Anna Little for Freeholder

Saturday, February 18, 2006

Atlanticville - article on Anna Little

Highlands official joins GOP race for freeholder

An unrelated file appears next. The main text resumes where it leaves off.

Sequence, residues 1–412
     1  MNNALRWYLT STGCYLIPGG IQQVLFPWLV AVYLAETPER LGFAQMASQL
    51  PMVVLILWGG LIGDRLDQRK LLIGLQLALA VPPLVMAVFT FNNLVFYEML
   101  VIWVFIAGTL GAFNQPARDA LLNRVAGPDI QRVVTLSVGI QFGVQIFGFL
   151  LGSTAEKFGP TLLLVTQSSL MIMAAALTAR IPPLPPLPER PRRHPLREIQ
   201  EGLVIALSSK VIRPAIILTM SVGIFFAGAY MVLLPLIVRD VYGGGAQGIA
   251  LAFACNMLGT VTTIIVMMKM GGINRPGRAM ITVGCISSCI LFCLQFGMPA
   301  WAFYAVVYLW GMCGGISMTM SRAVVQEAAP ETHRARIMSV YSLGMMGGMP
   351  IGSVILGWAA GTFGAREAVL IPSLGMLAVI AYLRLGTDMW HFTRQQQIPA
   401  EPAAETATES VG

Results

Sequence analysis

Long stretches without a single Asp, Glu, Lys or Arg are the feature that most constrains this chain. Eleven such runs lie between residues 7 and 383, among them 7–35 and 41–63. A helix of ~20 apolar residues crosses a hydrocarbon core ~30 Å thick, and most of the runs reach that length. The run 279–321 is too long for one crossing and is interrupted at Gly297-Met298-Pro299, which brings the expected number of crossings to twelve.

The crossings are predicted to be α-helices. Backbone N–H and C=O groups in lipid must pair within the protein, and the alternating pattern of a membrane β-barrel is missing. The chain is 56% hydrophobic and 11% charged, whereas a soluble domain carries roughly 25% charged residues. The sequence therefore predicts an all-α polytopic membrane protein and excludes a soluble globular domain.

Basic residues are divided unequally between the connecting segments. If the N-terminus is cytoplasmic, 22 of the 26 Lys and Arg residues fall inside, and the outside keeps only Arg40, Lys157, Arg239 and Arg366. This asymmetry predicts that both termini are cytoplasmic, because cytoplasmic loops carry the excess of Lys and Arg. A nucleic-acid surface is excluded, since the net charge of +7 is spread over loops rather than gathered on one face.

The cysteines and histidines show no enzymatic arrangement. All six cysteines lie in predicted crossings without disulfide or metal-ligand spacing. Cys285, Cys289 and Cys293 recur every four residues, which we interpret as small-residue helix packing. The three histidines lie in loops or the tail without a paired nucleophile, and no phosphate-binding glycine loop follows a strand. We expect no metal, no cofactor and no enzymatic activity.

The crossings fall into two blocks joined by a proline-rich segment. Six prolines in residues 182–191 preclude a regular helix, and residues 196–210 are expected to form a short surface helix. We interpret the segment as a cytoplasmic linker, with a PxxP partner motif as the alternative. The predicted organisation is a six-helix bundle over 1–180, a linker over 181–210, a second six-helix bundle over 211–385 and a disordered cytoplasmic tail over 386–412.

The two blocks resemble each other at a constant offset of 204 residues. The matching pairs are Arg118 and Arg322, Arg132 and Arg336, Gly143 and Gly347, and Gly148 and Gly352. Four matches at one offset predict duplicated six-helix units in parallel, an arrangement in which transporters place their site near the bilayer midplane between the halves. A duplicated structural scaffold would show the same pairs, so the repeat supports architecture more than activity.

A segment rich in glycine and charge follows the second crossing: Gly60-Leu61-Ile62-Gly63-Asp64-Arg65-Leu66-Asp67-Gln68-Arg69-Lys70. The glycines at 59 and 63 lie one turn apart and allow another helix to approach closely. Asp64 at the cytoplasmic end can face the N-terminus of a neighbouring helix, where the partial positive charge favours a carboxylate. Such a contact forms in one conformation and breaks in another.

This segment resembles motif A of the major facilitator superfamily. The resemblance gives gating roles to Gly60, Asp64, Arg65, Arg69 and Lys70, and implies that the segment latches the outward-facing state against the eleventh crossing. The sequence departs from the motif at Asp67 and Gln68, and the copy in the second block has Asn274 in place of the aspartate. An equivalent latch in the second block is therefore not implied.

LONG BRANCH — Anna Campbell Little, Republican councilwoman for the borough of Highlands, Friday announced that she is a candidate for the freeholder seat vacated by Amy Handlin. An attorney with a solo practice in Highlands and Elizabeth, Little joined a field of approximately eight candidates who have put their names forward for the seat that became open when Handlin, a Republican, won a bid for an Assembly seat in the 13th District. Little announced her interest in the seat held by Handlin for 16 years on Friday at a press conference held at Freddie’s Pizzeria in Long Branch. A native of Middletown and a Highlands resident for six years, Little was first elected to the Borough Council in 2002 and reelected in 2005. She is a member of the Highlands Environmental Commission. As a council member, she said her achievements include securing grant funding for the rehabilitation of the borough’s community center and overseeing grant applications for Miller Beach, tennis and baseball courts at Snug Harbor and playground equipment for children with disabilities. On a county level, she is a member of the Monmouth County Transportation Council and the Route 36 Bridge Steering Committee. The Monmouth County Republican Committee will hold an election Feb. 24 at Battleground Country Club in Manalapan to determine who will assume the seat on the Board of Chosen Freeholders. According to Jim Giannell, municipal chairman of the Red Bank Republican Committee, who accompanied Little when she announced her candidacy, the appointment to the Board of Chosen Freeholders would run through December. The appointee would have to run for election in November to fill out the remainder of the three-year term through December 2007. Little attended Middletown High School South and earned a law degree at Seton Hall University, Newark, in 1992. She opened her own practice focused on immigration law in 1994. Little and her husband have three children. She also serves on the borough Recreation Committee and is a member of the Historical Society of Highlands. Little said she was gratified by her record of accomplishments during her first term on council. Little said she is making a bid to step up to county government because she feels she is needed there. “The freeholders have accomplished so much, and I would like to see these accomplishments continue,” she said. “Last year was a rough year. I think I can help as a facilitator.” Little listed her first priority as ethics and regaining public trust, followed by the county budget and taxes. “Ethics is first on my list. I do think there have been good measures initiated to regain public trust by having a transparent Freeholder Board,” she said, adding that one way this is being accomplished is by changing the time of meetings to make them more accessible to the public. Second on her list, she said, is easing the burden of high property taxes. “I would be the advocate for Monmouth County families because I’m a young mother myself,” she said. “County families have gone through economic changes post 9/11.” On another issue of concern to families — affordable housing — Little said, the first step to making housing affordable in Monmouth County is to decrease taxes. As for county finances, Little said she has some new ideas. “I think there’s a movement to either cut spending or jobs. I think there’s a better way to go about this,” she said. Little said she would encourage public/private partnerships, particularly where county social services overlap with those of nonprofits. Another high priority issue, she said, is stewardship of the county’s remaining open space. Little emphasized the importance of retaining home rule. “I’m a big proponent of home rule,” she explained. “I come from a small town, the Highlands population is just 5,000 — it’s 1 square mile. There are differences from one town to another in the county. “Geography represents only one factor in evaluating needs of towns. There are social, economic, environmental issues that make each town different from one another. It’s impossible for someone sitting in Trenton to understand those needs.”